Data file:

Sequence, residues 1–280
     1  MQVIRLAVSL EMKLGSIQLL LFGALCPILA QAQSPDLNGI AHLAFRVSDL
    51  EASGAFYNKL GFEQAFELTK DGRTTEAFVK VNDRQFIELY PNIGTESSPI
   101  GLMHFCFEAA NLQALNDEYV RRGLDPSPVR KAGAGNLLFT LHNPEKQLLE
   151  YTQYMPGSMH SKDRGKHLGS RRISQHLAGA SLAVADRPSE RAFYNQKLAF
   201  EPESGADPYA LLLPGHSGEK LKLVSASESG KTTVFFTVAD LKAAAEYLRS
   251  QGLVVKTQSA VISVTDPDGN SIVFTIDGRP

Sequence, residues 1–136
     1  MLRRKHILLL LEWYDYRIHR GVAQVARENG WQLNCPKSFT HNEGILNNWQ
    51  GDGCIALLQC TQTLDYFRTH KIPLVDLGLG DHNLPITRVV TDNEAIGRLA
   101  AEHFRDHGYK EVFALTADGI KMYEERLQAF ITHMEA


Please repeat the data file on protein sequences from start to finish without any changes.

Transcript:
Sequence, residues 1–280
     1  MQVIRLAVSL EMKLGSIQLL LFGALCPILA QAQSPDLNGI AHLAFRVSDL
    51  EASGAFYNKL GFEQAFELTK DGRTTEAFVK VNDRQFIELY PNIGTESSPI
   101  GLMHFCFEAA NLQALNDEYV RRGLDPSPVR KAGAGNLLFT LHNPEKQLLE
   151  YTQYMPGSMH SKDRGKHLGS RRISQHLAGA SLAVADRPSE RAFYNQKLAF
   201  EPESGADPYA LLLPGHSGEK LKLVSASESG KTTVFFTVAD LKAAAEYLRS
   251  QGLVVKTQSA VISVTDPDGN SIVFTIDGRP

Sequence, residues 1–136
     1  MLRRKHILLL LEWYDYRIHR GVAQVARENG WQLNCPKSFT HNEGILNNWQ
    51  GDGCIALLQC TQTLDYFRTH KIPLVDLGLG DHNLPITRVV TDNEAIGRLA
   101  AEHFRDHGYK EVFALTADGI KMYEERLQAF ITHMEA